There is another free tool called JPEG Optimiser but I’ve tried it several times and can’t get it to work.

How Much Space Can You Save?

It will depend on the size of your original image but here’s an example of what happened when I used compression for the images on a recent Sample Sunday post,

This was the featured image used across the width of the screen.

example of an image within a WordPress book blog where file compresion has been used to save image storage space

The original image measured 800 x 400 pixels and used 106Kb of space. When I applied the compression tool, it went down 9% to a file size of 96Kb.

I tried the compression tool on a different image, this time one that is only part of the width of the page.

Reduce the size of images of book covers to make your book blog load faster.

The original measured 300 by 375 pixels and took up just 35Kb of space. When I compressed it, it shrunk by 16% to 29Kb.

It took seconds to do this but saved me 18Kb in total. Not a vast saving but every little counts if you are a blogger who likes to offer content with a high visual appeal. If you went through your image library and just did the compression on the largest files, your savings could certainly mount up.

Over To You

I never paid much attention to image sizes when I first started blogging but I now make it part of my publishing process to edit the file to the required size and only then upload it to WordPress. My little experiment with compression has had interesting results so I’ll be adding that to my routine.

Is this something you have tried yourself? I’m curious to hear about your experience.

Thanks to MarinaSofia at FindingTimeToWrite whose comment about the resource intensity of her FridayFinds posts gave me the idea for this post. If you have a book blogging challenge or a WordPress frustration. do let me know. I can’t claim to solve every problem but I’ll have a go. You can find all my blogging tips here

BookerTalk

What do you need to know about me? 1. I'm from Wales which is one of the countries in the UK and must never be confused with England. 2. My life has always revolved around the written and spoken word. I worked as a journalist for nine years then in international corporate communications 3. My tastes in books are eclectic. I love realism and hate science fiction and science fantasy. 4. I am trying to broaden my reading horizons geographically by reading more books in translation

29 thoughts on “How To Save Media Storage On Your Book Blog

  • June 25, 2021 at 3:40 am
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    This is a good post to bookmark! I think I’ll need to do a media library clear-out at some stage. Way back in the very early days, as a baby blogger, I didn’t realise you could re-use images you had already uploaded for other posts (it seems SO obvious in retrospect, but it just didn’t click at the time!). Naturally, I ended up with a whole bunch of duplicates that are just sitting there taking up space.

    Reply
    • June 25, 2021 at 5:59 pm
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      Oh dear, I can see how easily that would happen though. I do wish WordPress would come out with a tool to help us better manage the library – being able to find duplicates for example or very large file sizes. Would be more helpful than some of the stuff they are working on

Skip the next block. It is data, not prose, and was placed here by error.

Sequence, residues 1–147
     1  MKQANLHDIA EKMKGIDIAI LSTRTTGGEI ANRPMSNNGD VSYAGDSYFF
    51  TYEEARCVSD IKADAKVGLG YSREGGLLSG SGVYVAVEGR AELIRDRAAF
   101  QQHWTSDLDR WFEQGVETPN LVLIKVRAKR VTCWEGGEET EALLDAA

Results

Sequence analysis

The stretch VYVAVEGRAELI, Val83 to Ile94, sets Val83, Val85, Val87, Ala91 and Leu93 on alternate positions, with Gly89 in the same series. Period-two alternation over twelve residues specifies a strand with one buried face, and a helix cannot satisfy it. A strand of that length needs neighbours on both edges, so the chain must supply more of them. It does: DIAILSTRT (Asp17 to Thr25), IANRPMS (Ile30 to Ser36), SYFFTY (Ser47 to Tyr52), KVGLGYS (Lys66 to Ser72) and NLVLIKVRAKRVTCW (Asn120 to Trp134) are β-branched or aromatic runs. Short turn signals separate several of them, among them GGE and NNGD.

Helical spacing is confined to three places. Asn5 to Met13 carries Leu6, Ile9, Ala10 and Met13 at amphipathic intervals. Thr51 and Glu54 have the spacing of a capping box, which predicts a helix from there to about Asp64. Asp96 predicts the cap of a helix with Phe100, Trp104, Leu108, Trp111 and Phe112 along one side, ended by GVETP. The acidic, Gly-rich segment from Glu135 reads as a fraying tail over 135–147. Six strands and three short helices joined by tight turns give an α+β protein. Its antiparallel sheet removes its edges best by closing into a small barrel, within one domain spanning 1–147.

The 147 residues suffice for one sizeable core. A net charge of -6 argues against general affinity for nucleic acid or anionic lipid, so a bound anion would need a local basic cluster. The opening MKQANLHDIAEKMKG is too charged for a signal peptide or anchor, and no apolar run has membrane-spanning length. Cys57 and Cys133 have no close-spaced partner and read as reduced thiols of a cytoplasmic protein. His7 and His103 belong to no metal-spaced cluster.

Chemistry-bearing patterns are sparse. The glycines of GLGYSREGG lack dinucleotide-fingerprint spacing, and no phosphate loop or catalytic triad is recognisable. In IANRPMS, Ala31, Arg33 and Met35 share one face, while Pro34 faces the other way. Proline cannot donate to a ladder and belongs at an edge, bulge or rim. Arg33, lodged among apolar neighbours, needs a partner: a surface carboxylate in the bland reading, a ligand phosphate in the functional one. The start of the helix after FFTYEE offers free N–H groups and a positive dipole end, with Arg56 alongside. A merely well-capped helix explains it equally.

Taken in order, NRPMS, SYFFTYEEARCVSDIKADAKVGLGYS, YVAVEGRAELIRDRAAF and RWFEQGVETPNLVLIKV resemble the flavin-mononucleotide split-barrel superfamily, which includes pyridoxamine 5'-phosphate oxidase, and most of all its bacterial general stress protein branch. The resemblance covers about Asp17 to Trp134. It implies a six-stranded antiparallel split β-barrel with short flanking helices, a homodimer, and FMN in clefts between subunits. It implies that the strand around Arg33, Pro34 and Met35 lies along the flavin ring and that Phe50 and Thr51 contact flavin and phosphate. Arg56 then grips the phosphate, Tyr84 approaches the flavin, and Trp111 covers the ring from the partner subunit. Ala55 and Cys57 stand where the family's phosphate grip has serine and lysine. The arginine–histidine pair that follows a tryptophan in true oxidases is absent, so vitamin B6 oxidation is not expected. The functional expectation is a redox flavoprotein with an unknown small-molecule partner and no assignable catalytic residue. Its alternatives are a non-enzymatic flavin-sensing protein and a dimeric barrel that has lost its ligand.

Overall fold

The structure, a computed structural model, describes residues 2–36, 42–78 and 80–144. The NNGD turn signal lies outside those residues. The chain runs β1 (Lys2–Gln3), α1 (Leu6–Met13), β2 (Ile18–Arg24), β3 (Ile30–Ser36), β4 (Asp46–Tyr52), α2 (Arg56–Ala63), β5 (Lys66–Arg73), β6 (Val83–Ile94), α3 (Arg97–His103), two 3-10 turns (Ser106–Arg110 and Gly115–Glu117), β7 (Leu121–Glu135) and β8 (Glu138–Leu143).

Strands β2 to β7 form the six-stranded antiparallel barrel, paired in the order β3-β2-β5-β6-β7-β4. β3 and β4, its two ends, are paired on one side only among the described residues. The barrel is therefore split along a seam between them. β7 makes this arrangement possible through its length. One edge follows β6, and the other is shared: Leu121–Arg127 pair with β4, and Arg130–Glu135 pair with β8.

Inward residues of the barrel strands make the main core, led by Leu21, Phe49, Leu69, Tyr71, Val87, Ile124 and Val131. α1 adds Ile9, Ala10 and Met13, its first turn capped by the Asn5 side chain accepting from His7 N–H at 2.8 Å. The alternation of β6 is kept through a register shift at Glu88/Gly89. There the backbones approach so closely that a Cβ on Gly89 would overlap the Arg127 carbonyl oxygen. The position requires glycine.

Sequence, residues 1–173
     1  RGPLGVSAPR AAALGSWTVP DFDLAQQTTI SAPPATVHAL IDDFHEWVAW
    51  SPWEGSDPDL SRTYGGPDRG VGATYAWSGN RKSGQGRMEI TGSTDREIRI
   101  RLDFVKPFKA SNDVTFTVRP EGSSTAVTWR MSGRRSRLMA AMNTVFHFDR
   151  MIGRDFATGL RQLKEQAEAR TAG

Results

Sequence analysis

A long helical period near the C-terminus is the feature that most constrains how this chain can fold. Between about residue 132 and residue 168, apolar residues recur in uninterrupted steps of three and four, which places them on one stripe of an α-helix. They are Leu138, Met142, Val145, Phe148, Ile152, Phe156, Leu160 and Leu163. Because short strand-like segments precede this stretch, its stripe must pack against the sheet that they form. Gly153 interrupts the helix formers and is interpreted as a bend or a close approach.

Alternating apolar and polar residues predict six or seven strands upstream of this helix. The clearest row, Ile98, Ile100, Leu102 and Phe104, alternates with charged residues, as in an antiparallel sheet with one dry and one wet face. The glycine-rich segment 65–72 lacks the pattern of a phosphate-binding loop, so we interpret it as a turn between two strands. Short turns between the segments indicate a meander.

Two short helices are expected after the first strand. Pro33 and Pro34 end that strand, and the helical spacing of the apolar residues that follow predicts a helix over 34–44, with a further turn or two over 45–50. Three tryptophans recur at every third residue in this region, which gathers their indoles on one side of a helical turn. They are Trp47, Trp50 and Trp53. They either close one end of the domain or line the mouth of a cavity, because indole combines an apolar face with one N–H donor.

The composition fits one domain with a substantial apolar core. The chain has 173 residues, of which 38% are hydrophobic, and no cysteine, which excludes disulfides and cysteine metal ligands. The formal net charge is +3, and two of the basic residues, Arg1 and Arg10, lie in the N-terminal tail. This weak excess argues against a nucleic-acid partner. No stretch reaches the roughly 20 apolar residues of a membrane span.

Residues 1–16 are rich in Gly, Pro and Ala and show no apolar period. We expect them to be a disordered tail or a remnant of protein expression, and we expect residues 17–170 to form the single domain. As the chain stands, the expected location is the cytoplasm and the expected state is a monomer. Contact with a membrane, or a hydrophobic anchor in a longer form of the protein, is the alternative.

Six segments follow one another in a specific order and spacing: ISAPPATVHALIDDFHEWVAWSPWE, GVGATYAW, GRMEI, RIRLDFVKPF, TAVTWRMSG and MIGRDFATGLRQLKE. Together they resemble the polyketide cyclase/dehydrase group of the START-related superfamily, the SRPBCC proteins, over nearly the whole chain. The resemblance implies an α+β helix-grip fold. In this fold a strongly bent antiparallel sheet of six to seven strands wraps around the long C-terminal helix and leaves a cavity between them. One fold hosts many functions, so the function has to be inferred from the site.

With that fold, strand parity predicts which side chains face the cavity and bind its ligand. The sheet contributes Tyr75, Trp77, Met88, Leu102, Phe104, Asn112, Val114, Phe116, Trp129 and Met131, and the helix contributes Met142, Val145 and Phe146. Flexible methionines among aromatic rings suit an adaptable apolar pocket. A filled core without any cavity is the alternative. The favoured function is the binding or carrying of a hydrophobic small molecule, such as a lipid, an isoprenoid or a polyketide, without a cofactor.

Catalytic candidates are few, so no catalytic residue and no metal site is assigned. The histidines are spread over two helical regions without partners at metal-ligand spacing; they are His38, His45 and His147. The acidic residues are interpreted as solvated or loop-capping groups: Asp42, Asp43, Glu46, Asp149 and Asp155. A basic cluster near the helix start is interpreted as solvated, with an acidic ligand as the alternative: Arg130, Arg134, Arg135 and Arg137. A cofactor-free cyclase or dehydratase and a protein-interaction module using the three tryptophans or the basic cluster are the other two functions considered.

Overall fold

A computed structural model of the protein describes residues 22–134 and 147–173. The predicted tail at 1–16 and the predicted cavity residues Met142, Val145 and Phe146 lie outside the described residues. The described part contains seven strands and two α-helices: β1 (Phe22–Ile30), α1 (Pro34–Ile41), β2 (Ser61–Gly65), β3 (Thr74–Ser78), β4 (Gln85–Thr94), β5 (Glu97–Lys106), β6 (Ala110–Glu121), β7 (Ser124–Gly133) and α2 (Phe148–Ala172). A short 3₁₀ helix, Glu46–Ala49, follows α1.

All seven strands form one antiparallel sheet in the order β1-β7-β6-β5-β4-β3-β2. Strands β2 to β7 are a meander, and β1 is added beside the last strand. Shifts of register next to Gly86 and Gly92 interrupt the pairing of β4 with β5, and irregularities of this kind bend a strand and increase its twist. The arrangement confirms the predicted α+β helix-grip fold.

Reply
  • June 23, 2021 at 12:16 pm
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    This is an issue I have sometimes wondered about, but after 5 years WP tells me I’ve only used about 10% (from memory) of my image allowance. My problem I guess is that I create my work blog on my phone, using a couple of unedited photos for each post, and I’ve noticed how slowly they load. I’ll have to pay more attention to what I’m doing, though it suits me to be quick and dirty more or less in real time.

    Reply
    • June 23, 2021 at 3:08 pm
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      If you want to use photos taken on the road then yes, the images will be big – not much you can do about that at the time. Maybe when you return home or at a place where you can use a laptop, you could re-size the image and then upload that new version.

      Reply
  • June 22, 2021 at 2:07 pm
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    Very useful – thank you! Is there a way to reduce the size of gifs that you know of? I don’t use them all the time but I suspect they take up quite a lot of storage space.

    Reply
    • June 22, 2021 at 2:13 pm
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      Actually, scrap that. I decided not to be so lazy and look for myself, and indeed there is – gifcompressor.com which is clearly a sister version of Image Compressor, since they look and work in exactly the same way. Great stuff – that will make a big difference to my storage space over time. Thanks again!

      Reply
      • June 22, 2021 at 6:02 pm
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        Great, glad to know you found a solution.
        One of the tools I mentioned – Kraken.io – will do jpeg and gif compression.

        Reply
  • June 22, 2021 at 10:50 am
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    thought I’d entered a comment – Thank you so much for this. I learned something – that when you resize in WP, it doesn’t resize the file. I’m using jpeg optimiser or using the resize tool on my mac now before uploading.

    I’m also very conscious that the larger the data – the more electricity it uses for storage, uploading and viewing – and am very keen to make my blog more energy efficient – resizing images is a much greener way to go – and I’d love this green message to be more widely seen and acknowledged and acted upon.

    Reply
    • June 22, 2021 at 6:01 pm